Twenty and long…

Mere days ago my husband and I celebrated our twentieth wedding anniversary. We agreed that is didn’t feel like we had been married for a long time. A lot of stuff has happened for sure, but it just doesn’t feel long. I said, “I just feel like I know you really well.” He said, “yep, maybe it will feel long at forty , I guess we’ll see.”

I don’t know whether it is good or bad that it doesn’t feel long. I certainly don’t feel like it has been a burden. We decided that we would keep being married at this point, acknowledging that back when the whole ‘married for life thing’ was established ‘life’ wasn’t all that long. We are in our early forties so it is fair to say that a couple of hundred years ago one of us would probably be dead by now, so it was good to check-in and make sure everyone involved was still interested in staying together.

So on the occasion of twenty I thought I would do my top three lessons learned from marriage. Twenty is too many to have to remember, I think if you can hold on to these three it will get you through a lot. I asked Chris,“what insights do you have to share after twenty years?” He said, “I don’t know, I ‘ll let you know at forty.” That’s Chris in a nutshell, so accepting who your partner is and not feeling the need to change them is going to be number one on the list:

  1. Acceptance: You are marrying a person not a lump of clay. We all have quirks, habits, behaviors that other people don’t like. Mostly that isn’t a problem because we don’t live with a lot of other people, we live with one other person. So it really helps if you understand who you partner is and you don’t go into the relationship thinking, “if I could just get him/her to do X then everything would be good.” That’s true for how they dress, what they like to watch, the food they like – everything. Sure there are going to be some things that are deal-breakers (no you can’t listen to Metallica at 3 in the morning on a Tuesday drunken bender) and we change over time both for ourselves and for our relationships because we want to give to the people we care about. If you love running and your partner loves chillin’ on the coach with the Xbox don’t put your hopes for marital happiness on going for early morning runs together. If you absolutely have to be with someone who does X or does not do X then go find that person, if the person you love doesn’t fit those parameters adjust your parameters – you can’t have it both ways.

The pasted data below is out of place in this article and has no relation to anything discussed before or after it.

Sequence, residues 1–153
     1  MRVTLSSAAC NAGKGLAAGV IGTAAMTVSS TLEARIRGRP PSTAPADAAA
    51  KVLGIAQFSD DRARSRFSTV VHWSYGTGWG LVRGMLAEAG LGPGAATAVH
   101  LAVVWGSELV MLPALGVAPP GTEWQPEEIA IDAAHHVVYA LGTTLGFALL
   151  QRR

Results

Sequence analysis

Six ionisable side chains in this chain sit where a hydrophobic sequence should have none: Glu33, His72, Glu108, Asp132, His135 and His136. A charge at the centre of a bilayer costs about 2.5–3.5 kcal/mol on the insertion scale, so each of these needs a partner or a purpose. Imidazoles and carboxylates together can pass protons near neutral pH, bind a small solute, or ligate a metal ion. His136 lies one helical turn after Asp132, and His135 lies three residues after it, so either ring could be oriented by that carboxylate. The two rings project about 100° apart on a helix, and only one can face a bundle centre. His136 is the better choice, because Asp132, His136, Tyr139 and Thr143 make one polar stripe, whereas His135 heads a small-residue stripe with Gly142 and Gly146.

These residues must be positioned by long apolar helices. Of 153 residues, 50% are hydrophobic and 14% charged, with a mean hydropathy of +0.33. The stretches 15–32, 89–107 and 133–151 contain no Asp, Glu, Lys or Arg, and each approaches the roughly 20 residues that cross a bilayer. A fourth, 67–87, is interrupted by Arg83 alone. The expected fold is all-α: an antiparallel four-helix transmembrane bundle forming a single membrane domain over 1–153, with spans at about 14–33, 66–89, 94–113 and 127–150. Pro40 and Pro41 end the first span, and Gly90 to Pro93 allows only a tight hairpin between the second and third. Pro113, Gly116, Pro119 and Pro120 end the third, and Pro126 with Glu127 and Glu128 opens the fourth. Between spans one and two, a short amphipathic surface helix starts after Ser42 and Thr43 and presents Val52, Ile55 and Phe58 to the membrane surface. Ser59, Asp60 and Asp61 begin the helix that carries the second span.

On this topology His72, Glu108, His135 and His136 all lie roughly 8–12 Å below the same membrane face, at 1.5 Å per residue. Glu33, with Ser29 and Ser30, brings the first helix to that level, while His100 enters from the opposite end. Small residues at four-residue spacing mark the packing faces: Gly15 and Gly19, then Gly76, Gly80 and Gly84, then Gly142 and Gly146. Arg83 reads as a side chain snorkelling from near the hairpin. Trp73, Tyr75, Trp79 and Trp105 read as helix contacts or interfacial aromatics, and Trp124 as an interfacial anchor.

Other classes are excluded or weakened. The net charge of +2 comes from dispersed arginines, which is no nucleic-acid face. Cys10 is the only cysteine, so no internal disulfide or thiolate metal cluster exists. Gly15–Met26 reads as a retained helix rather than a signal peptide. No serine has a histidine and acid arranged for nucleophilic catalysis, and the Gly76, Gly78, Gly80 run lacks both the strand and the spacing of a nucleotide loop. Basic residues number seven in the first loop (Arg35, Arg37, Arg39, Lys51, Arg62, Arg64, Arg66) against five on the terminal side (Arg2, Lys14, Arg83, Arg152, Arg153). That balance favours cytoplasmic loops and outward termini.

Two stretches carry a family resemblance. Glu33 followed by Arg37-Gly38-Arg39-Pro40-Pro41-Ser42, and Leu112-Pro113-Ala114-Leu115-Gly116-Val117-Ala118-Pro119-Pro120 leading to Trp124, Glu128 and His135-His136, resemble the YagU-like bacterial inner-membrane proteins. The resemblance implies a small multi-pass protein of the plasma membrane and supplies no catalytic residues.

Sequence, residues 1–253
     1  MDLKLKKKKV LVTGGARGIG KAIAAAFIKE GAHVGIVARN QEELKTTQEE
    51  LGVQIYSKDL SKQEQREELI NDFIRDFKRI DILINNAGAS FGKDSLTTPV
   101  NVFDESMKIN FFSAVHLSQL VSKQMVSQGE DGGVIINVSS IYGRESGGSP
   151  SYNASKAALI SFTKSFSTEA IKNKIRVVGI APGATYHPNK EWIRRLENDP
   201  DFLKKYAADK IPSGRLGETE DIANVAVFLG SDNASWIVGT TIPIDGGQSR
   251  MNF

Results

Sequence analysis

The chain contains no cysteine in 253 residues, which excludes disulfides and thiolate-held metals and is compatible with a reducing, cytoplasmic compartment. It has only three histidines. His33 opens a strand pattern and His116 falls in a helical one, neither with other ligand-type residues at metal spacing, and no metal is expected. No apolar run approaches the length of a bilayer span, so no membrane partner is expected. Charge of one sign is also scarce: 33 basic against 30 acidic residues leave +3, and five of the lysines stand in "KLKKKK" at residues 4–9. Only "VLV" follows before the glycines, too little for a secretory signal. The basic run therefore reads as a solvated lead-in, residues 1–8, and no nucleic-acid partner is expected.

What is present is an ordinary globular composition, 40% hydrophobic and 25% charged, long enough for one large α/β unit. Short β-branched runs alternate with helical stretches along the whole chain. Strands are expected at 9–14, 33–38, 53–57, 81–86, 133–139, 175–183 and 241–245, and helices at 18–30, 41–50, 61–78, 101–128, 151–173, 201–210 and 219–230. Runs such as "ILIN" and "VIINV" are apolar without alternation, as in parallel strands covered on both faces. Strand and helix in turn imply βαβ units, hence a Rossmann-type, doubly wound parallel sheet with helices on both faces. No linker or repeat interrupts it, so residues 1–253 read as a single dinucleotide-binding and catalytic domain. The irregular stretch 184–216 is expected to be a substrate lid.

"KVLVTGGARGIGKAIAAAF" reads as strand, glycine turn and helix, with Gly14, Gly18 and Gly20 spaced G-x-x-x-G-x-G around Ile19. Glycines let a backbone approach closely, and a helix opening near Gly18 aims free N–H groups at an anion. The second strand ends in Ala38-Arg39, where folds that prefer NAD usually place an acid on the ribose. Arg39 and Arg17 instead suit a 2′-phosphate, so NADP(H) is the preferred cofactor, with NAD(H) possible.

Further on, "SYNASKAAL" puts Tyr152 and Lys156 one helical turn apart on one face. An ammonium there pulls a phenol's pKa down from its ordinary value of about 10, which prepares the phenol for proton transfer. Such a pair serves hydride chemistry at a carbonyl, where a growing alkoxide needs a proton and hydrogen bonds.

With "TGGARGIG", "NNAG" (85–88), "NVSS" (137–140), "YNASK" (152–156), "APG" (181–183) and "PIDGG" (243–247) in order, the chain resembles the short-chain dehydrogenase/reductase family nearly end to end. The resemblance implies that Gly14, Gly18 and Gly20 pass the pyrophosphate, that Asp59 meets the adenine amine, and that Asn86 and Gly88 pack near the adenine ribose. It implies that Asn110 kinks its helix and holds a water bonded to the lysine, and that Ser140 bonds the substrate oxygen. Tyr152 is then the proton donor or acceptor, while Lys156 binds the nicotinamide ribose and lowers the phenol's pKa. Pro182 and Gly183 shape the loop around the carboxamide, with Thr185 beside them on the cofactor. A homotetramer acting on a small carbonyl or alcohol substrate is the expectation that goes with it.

2. Patience: I heard once, “feelings aren’t facts” and I ponder that when I am in a particularly bad mood. A mood is a feeling, sometimes it has facts associated with it, some times it doesn’t. When it doesn’t there is a tendency to look for a cause, and often the person you live with is a convenient cause. After all they are probably doing something at least moderately annoying. What I have learned is that we shouldn’t talk everything out, sometimes we should go to bed mad, and often it is a great idea to just keep your mouth shut about whatever the thing is that is upsetting and then check back in some hours later to see if that really was the problem. For instance maybe I don’t actually feel like if I have to live with someone who never wipes down the side counter after doing the dishes because it is out of his immediate sight-line I am going to completely lose it and we should just end the marriage now. Maybe that is just annoying and I have to say, “don’t forget the counter,” and then move on. A little patience with your feelings let’s you figure this out – that’s a good thing!
  3. Know Yourself: This is the biggest, the simplest, the hardest and the easiest all wrapped up in one. You have to know who you are, what you like, what you want, what is important to you and you have to communicate those things honestly with your partner. Unless you married a psychic they aren’t going to be able to read your mind, and no one loves anyone else enough to figure out what is going on in their head. You have to know yourself, you have to tell them, you have to ask for the things you need. Sure, you can be disappointed that they “don’t just know.” But then you have to get over it and be a grown-up not a petulant toddler who wants someone to anticipate their needs. You alone as responsible for your happiness, ask your partner to contribute, but don’t expect them to do it for you.

Twenty years and 5 days, so far so good. Actually getting better all the time as long as I am willing to put in the work!

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